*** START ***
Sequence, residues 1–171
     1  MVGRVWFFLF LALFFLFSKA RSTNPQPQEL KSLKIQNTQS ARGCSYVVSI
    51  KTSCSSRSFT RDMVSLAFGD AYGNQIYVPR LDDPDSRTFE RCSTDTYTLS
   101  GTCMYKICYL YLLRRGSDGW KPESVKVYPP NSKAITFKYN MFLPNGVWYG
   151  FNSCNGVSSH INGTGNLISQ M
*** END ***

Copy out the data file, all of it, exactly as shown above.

Sequence, residues 1–171
     1  MVGRVWFFLF LALFFLFSKA RSTNPQPQEL KSLKIQNTQS ARGCSYVVSI
    51  KTSCSSRSFT RDMVSLAFGD AYGNQIYVPR LDDPDSRTFE RCSTDTYTLS
   101  GTCMYKICYL YLLRRGSDGW KPESVKVYPP NSKAITFKYN MFLPNGVWYG
   151  FNSCNGVSSH INGTGNLISQ M